Smartest thing she ever did for her career: Learning as much as I could while working at my small hometown newspaper. It was a teeny-tiny staff (seven in the newsroom!) and we did everything ourselves — EVERYTHING. I was responsible for filling three pages each Tuesday and a 10- to 14-page section on Sundays. I wrote, edited, assigned stories to my one staffer (there are no working lifestyle freelancers in Cleveland, Tennessee, that I know of), took photos, worked the darkroom, did the layout (we did cut-and-wax then, so it was kinda like doing a massive puzzle each week), not to mention did the jail dockets on occasion (which involved going into the pens at the local jail, which I do not recommend doing in a mini-skirt under any circumstances), and, once a month, put the entire paper together on a rotating Saturday night. I can honestly say that, thanks to the experience I had at the CDB, I would be able to put the Post to bed if I had to.

Translation: I would not have the job I have now if I didn't work my ass off at a small paper first. Was it glamorous? Hell no. Fun and educational? Absolutely.

Best and worst moment on assignment: Having to call one of my close childhood friend's homes when we heard her pilot mother's plane had gone down rates as one of the hardest things I've had to do in my life, let alone my job. Best would be interviewing the late, amazing Bill Blass, and then having him request me to do any Post interviews with him from there on out. That was one of the biggest compliments I've ever gotten.

Nuttiest fashion-show moments: They are legion. But just last night, I watched Britney Spears come in to the Matthew Williamson show trailed by seven — seven! — bodyguards. What did she think a bunch of fashion wimps were going to do to her? That stuff amazes me.

"I Was A Teenage Fashion Nightmare": As a kid, I was the black sheep of the family when it came to clothes — wearing old-man suits from the Salvation Army (Molly Ringwald was a role model), Doc Martens with Laura Ashley pinafores, etc. My mom so hated the way I dressed and sometimes still kind of does. But when I started going on TV talking about fashion dos and don'ts and being featured in magazines talking about how to put outfits together, she finally realized she could never criticize any of my wardrobe choices again. Justice!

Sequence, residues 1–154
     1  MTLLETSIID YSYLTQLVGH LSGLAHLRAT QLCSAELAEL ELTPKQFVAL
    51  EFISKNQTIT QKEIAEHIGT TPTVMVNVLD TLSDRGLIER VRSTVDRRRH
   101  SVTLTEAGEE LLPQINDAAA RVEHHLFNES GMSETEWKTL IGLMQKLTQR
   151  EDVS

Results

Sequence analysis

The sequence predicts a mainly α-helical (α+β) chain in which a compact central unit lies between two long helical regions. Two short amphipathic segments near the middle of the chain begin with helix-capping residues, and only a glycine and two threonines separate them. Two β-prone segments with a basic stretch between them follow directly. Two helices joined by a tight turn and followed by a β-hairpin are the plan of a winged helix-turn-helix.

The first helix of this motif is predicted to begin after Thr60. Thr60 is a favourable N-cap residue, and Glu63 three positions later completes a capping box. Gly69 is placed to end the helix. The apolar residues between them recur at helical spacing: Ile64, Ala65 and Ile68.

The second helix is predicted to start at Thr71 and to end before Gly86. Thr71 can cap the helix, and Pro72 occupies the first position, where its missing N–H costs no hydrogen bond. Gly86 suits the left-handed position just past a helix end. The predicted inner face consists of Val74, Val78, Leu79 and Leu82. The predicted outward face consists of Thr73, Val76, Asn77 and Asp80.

Next big fashion trend: I'm afraid ruffles are going to be big next spring. I don't know when I started to hate them, but judging from my reaction to the ones on the runway this week, I really do.

Fashion trend she's sick to death of: I'm going to be prescient and say ruffles.

Best boutique in New York City: There are so many! But I love Foley & Corrina, though I've only bought one thing there (it's expensive!). I also really love the Hollywould store on Mulberry, Kirna Zabete, Resurrection Vintage, Cherry (yet more vintage), and Decollage, which isn't really a boutique but a combination atelier/showroom/party space or something like that. Whatever it is, Leah Forrester and Heather Rich have really created a genius space. I wish I lived in it.

Most number of drinks consumed while writing "Bar Belles" column with Megan Turner: How many grains of sand are there on all the beaches of the world? How many drops of water are there in the seas? Let's just say our expense reports grown since we started Bar Belle–ing a year and a half ago ("Bar Belle" can be used as a verb, noun, and adjective, you know). Megan and I still can't believe we get paid to drink and write about it, in addition to covering beats we love (movies and fashion, respectively).

Ever been blacklisted from a show? Yes. PR Consulting refuses to allow the Post to cover Balenciaga and Narciso Rodriguez. It's a long story, but suffice it to say this is the kind of thing that happens when you work at a paper with the world's best and most famous gossip column. I really wish they would get past it, though, because both houses are very influential right now and I feel like my readers are missing out by not having access to these shows via Post coverage.

Three tips for surviving Fashion Week:
1. Wear (or at least carry) comfortable shoes.
2. Drink lots of water.
3. Don't believe the hype.

So What Do You Do? appears every Tuesday.